Food For Thought: The Poverty of Knowledge

By Concepta Cassar, published on Litro Magazine‘s website, 16th July 2015

a butcher's window
The renaissance of offal and other cuts is welcome, but all too often it serves merely as a conversation piece for Generation Niche.

There are two places remaining in Wandsworth’s ever-changing landscape that formed an integral part of my early epicurean lessico famigliare [1]: Hennessy’s butchers and Tooting Market. The rest have fallen away in time, succumbing to the slow but continuous gentrification of the area, and the death of many of its small traders and traditional industries. The sickly-sweet smell of yeast from the Ram Brewery no longer fills the air on certain days of the week – as it did for almost half a millennium –  and the sounds of its majestic shire horses fell silent almost a decade ago. The historic site has since been purchased by a Chinese development company, and, like many other places in London, is set to be turned into “an exciting new residential and retail quarter” [2]. Because we need more of those.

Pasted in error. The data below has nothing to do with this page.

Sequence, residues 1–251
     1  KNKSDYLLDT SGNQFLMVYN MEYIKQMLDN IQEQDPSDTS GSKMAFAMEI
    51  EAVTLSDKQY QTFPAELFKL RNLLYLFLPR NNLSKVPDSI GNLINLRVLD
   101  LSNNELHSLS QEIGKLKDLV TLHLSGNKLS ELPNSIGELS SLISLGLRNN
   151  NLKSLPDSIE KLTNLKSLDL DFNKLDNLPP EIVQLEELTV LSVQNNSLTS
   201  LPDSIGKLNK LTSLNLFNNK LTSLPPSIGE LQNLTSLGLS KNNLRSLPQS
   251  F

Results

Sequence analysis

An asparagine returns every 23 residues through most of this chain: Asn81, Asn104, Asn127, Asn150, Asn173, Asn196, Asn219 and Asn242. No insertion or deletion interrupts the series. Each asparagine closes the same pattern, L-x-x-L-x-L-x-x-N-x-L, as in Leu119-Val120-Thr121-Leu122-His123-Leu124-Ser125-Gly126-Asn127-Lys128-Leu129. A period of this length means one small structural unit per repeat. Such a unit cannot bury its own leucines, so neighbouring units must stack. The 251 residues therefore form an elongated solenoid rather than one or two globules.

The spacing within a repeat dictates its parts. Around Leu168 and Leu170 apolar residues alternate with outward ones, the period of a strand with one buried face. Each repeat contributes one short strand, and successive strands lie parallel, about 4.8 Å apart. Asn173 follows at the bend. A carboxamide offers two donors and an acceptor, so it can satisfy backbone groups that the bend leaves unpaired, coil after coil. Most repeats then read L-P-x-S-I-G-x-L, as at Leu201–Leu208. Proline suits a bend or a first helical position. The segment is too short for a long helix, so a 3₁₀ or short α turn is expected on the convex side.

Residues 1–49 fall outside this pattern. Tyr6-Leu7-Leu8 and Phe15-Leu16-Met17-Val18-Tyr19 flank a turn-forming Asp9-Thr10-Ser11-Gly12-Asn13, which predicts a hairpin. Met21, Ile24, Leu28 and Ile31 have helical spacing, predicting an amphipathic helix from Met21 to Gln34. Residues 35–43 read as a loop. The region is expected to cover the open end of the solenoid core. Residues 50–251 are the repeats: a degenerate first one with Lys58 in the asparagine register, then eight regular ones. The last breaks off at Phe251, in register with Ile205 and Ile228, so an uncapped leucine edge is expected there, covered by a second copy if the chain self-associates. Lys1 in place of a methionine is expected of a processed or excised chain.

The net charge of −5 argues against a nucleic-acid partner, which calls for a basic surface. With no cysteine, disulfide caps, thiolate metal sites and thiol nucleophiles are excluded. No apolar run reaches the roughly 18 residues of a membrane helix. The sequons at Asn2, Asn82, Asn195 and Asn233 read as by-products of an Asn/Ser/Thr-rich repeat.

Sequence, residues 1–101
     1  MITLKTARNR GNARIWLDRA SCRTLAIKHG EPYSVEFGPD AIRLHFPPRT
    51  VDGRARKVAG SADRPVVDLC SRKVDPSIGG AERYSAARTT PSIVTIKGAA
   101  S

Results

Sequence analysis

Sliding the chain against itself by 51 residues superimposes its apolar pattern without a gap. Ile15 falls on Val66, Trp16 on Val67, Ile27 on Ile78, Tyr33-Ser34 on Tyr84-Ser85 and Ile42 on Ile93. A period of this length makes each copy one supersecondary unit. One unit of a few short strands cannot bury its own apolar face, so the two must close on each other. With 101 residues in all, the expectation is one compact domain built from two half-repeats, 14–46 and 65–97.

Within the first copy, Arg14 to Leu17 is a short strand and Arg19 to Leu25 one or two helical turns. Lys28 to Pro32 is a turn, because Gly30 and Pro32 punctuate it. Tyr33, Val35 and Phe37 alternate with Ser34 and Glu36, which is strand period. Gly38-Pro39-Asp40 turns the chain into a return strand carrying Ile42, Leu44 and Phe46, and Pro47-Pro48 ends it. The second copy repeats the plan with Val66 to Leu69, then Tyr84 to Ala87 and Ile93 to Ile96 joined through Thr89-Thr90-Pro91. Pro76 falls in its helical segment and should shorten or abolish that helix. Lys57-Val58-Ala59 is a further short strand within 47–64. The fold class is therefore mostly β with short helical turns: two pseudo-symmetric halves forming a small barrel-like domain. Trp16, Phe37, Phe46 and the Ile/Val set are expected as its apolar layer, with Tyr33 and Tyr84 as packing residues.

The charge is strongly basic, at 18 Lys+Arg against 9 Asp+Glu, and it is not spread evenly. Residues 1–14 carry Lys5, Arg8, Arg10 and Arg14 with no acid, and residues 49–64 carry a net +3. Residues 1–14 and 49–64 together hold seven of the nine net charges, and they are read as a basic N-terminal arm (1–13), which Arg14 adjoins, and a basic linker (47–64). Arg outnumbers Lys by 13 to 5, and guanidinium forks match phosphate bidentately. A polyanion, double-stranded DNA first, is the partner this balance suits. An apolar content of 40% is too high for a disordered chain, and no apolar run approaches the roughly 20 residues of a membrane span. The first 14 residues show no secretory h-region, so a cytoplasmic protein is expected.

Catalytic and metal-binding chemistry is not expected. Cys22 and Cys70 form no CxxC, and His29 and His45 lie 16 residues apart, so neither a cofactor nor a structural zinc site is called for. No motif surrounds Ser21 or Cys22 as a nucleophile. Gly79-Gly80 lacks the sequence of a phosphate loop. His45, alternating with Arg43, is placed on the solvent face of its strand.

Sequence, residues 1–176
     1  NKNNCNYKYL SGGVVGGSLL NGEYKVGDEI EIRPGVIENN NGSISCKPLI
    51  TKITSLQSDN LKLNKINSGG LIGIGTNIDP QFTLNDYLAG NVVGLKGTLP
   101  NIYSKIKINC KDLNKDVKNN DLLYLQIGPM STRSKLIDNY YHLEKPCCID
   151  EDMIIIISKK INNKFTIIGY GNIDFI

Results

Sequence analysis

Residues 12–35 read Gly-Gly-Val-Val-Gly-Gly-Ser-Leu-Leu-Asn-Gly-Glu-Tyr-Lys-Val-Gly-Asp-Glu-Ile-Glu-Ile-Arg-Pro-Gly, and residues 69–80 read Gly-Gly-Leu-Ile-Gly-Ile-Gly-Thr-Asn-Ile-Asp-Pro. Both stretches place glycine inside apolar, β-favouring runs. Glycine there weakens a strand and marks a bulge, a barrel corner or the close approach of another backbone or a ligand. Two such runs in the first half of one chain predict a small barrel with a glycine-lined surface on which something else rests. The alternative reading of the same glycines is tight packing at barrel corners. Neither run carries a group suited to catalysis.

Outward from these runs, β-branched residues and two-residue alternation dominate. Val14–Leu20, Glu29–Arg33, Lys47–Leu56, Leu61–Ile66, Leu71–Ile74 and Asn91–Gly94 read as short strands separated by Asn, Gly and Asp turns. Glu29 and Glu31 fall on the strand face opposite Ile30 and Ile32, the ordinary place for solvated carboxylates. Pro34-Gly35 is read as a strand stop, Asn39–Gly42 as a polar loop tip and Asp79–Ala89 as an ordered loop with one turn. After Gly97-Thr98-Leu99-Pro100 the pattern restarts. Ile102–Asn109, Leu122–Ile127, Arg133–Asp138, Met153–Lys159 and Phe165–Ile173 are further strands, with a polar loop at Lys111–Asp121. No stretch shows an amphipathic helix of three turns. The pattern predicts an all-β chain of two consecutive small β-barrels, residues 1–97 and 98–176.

My paternal grandparents immigrated to London in the 1950s, arriving in Wandsworth from Malta and the Amalfi Coast. Both had experienced the ravishes of extreme poverty during the War, and came to London in hope of starting a better life. To the neighbours’ dismay, my grandmother kept chickens and rabbits in the garden to help feed her burgeoning family, bringing with her a tradition of cucina povera that her younger brother would later champion all over the world.

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